Shore anglers experience the top action while drifting jumbo minnows under a bobber or fishing them on a sliding sinker rig. Mudsuckers, butterflied shad, sardine fillets and pileworms, also fished on the bottom with sliding sinker set-ups, are other very productive striper baits.
For the float tuber or boater, a plethora of methods can be used to entice striped bass in the port. You can plug, spoon, troll or drift minnows when fishing for stripers in the port and Sacramento Deep Water Channel.
Mark Wilson, striper fishing expert and member of the Washington Outboard Club, recommended trolling minnow imitation lures including P-Line Predators and Angry Eyes, Mann’s Stretch 15 Lures, Yo-Zuris, Bombers and Rebels, tipped with plastic worms, for the stripers.
“Ninety percent of the anglers troll deep, but you can catch fish with both shallow diving and deep diving lures,” said Wilson. “I like to troll at 16 to 20 feet deep at 3 mph or shallow at 7 to 8 feet at 4-1/2 to 5 mph.”
Most of the keeper-sized stripers caught in the port are in the 18 to 28 inch range, but much bigger fish are landed here every year. Two local anglers each landed a striper in the 40 lb. class in the port during 2018, according to Uncle Larry Barnes at Sacramento Pro Tackle.
Spooning with Gibbs Minnows, Horizon Pirk Minnows, Blader Runners and other lures is highly effective when the water temperature cools down and the shad school up in the port. The trick here is to find stripers balled up on schools of shad.
Black bass anglers also enjoy fishing the barge canal and deep water channel. Anglers hook lots of fish in the 1 to 2 pound range, along with some larger fish, while fishing Carolina-rigged Senkos, jigs and other lures. Although spring is the best time for port black bass, these fish can be caught year round off the tules and brush around the barge canal.
Before 9-11, anglers used to fish around the docks of the port for crappie and catfish at night, but this isnt allowed anymore because of security concerns.
The lock system between the Sacramento River and the port used to allow boats – and water – to go between the port and the main river. However, the City of Sacramento, because of decreasing use and concern over increasing costs, decided to stop operating the locks on a daily basin and the locks no longer remain open. The port is now a dead end slough, with the water coming up through Cache Slough with a higher salinity level on the high tide – and bigger tidal movement -than the Sacramento River in the metropolitan area.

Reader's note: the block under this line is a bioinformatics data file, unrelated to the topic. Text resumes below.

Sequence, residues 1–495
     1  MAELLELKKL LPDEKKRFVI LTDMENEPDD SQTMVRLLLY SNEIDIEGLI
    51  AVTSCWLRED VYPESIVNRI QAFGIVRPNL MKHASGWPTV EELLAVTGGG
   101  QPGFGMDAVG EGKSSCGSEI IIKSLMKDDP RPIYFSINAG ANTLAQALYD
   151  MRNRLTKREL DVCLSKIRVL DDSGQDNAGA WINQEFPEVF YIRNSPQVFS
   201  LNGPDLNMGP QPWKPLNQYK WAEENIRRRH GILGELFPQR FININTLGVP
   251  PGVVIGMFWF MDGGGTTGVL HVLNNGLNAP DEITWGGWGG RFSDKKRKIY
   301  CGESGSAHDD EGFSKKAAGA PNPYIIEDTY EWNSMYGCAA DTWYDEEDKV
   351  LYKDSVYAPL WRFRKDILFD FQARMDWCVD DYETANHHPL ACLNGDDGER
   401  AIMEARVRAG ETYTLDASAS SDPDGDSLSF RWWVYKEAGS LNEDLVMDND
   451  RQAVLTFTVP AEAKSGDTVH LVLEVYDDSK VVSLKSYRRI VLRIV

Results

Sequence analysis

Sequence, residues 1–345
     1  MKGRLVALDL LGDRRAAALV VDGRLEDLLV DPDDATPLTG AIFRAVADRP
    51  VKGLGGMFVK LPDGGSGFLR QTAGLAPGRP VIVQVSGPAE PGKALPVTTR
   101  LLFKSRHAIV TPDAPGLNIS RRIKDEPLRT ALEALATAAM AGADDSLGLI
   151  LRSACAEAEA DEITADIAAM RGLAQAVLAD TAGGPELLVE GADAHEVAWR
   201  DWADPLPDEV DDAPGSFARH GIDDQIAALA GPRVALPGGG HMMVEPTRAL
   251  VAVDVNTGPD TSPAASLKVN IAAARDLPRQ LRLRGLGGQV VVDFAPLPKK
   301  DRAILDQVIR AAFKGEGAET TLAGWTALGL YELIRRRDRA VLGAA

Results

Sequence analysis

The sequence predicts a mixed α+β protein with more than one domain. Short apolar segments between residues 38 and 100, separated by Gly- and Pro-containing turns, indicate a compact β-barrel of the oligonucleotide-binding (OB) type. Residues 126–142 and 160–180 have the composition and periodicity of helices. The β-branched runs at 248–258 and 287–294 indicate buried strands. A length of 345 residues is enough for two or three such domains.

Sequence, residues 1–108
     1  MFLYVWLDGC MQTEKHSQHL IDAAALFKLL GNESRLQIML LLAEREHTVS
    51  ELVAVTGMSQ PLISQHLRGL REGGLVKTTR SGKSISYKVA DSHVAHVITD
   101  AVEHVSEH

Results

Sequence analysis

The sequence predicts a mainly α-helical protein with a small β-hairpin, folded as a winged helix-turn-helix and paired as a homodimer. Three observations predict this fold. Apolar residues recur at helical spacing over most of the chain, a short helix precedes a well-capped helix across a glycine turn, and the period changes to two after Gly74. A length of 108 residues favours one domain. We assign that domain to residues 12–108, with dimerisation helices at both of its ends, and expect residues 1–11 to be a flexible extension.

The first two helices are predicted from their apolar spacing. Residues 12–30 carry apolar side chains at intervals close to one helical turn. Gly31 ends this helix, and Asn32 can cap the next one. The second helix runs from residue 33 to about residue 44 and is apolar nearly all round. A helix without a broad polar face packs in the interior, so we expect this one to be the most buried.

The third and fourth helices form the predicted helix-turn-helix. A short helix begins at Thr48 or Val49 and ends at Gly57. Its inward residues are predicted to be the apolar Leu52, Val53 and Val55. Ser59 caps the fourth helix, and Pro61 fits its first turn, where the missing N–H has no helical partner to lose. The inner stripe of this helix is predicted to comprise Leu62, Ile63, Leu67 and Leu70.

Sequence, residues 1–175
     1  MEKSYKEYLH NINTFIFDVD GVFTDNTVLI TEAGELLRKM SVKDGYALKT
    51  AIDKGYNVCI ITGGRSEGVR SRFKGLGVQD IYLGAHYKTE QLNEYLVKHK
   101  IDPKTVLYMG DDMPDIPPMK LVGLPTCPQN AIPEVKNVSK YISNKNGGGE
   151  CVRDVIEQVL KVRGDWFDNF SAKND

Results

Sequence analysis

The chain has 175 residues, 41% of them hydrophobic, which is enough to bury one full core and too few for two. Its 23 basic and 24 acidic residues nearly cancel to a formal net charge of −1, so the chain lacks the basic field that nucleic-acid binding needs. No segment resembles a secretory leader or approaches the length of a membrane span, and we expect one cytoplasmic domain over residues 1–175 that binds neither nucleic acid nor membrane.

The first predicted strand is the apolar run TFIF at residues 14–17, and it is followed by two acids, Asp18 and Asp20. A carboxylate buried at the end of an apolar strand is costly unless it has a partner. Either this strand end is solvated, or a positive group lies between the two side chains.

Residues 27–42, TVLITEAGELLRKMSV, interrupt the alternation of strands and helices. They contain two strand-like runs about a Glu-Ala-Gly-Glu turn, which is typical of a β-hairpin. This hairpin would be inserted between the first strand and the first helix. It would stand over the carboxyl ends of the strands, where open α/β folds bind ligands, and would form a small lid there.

Just about any type of fish that swims in the Sacramento River and Delta can be caught at times in the port. Starry flounder have been caught by anglers bait fishing in the barge canal. Other fish caught there over the years include white sturgeon, king salmon and steelhead.
Port of West Sacramento Facts
Barge Canal Access: Located at 100 Jefferson Boulevard in West Sacramento. The access features an all-weather vehicle parking area, a hand-carry boat ramp for non-motorized boats, an all-weather walking/biking trail and fishing access along south bank of the Barge Canal. For more information, call the City of West Sacramento Department of Parks and Recreation, 916-617-4620, or email them at email@example.com.
The Washington Outboard Club: is a member oriented fishing club that resides in the Port of Sacramento. Each June, new members are brought into the club to maintain maximum membership at 600. Membership in the WOC is open to boat owners age 18 and over with a boat not greater than 21 feet in length, and not greater than 3,500 lbs. in weight. Open meetings are held the second Tuesday of each month, at 7:00pm, at the VFW Hall located at 905 Drever St., West Sacramento. You are invited to attend and if you would like to be put on the waiting list, you may get the appropriate application at that time. You must complete the application at the meeting and return it to the Secretary of the WOC. For more information, go to www.washingtonoutboardclub.org or email: Mail@WashingtonOutboardClub.org
Fishing information: Sacramento Pro Tackle (916) 925-0529, Fisherman’s Warehouse (916) 362-1200